South Africa

FIVE MINUTES: South Africa

By Daily Maverick Staff Reporter 6 March 2013

A round-up of the day's news from South Africa.

PULE QUESTIONS THE FITNESS OF THE SABC BOARD

Communications minister Dina Pule has met the board of the SABC to discuss the various governance scandals taking place at the public broadcaster. In a statement issued after the meeting, Pule said she was “most concerned about the latest breaches of corporate governance that are playing themselves out in public”. Pule was referring to the on-going drama around acting COO Hlaudi Motsoeneng who was fired by the board, then reinstated by chairman Dr Ben Ngubane, then told the reinstatement wasn’t legal. Pule has now written to the parliamentary portfolio committee on communications asking them to “urgently look into the fitness of the SABC Board to remain in office”.

WITS CONCERNED OVER SEXUAL HARASSMENT ON CAMPUS

A lecturer at the University of the Witwatersrand (Wits) accused of sexual harassment has been fired after the university discovered he had failed to disclose past accusations of harassment in a previous job. Another lecturer has been suspended while claims that he sexually abused students are being investigated. “The allegations of the nature and extent of sexual harassment, as reported in the Sunday Times and in social media, at the University of the Witwatersrand are deeply concerning,” chairman of the Wits Senate, Professor Loyiso Nongxa said. He said the student/lecturer relationship should be based on “trust, integrity and respect”. Nongxa said any allegations “must be taken seriously and investigated as a matter of priority” and that the university’s sexual harassment policy was under review.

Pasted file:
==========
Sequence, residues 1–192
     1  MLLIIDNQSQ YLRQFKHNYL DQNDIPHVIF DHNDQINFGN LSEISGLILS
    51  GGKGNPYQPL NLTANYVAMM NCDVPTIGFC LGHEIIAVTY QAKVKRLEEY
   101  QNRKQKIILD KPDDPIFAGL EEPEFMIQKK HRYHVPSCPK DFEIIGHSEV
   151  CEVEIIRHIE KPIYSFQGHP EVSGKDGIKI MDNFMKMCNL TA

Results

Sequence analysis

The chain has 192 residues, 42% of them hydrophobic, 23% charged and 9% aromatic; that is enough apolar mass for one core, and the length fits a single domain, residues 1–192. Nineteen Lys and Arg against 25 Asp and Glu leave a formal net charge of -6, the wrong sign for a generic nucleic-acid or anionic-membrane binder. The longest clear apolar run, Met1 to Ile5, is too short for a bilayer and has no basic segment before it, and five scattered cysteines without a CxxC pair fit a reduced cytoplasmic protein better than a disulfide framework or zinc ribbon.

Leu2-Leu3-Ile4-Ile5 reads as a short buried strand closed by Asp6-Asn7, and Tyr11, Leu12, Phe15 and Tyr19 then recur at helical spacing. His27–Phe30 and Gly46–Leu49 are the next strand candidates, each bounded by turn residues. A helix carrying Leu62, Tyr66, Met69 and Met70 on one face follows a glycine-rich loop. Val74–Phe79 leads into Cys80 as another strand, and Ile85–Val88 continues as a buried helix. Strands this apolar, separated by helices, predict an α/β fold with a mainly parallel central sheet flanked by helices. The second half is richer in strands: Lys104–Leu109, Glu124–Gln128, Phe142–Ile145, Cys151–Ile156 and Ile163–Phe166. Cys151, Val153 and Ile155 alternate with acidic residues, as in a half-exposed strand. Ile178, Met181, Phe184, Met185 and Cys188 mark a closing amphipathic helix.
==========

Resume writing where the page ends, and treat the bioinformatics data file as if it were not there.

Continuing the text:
LONMIN WORKERS BACK UNDERGROUND AFTER BRIEF STRIKE

Workers at Lonmin platinum mine have returned to work after a brief illegal strike. The mine’s spokeswoman, Sue Vey, said over 6,000 miners were back underground, and that the strike had cost the company a shift’s worth of production. The Association of Mineworkers and Construction Union (Amcu) is believed to have been behind the protest. The union is demanding that rival union, the National Union of Mineworkers, close its offices on the mine, as it is no longer the majority union. Vey said Amcu wanted majority recognition agreements to be settled. Lonmin said discussions on a new recognition dispensation “are on-going and therefore we do not yet have a new recognition agreement in place” but that ”the majority union should be rightly recognised in a system which promoted inclusive representation”.

PENSIONER SHOT AT IN PRETORIA JEWELLERY ROBBERY

A bullet grazed the head of a pensioner at after a gang of jewellery robbers shot at him as they made their escape from the Menlyn Park mall in Pretoria. Police spokeswoman warrant officer Annabelle Middleton said five armed men entered the mall, and forced staff at the NWJ jewellery shop to lie on the floor while they robbed it. As they fled the scene, they fired a single shot at the elderly man, who was getting a shopping trolley. Middleton said he was treated at the scene, but that the shops attendants were “traumatised”. Police believe the men’s accomplices were waiting outside in two getaway cars.

DA CAUCUS LEADER IN ETHEKWINI OUSTED IN VOTE OF NO CONFIDENCE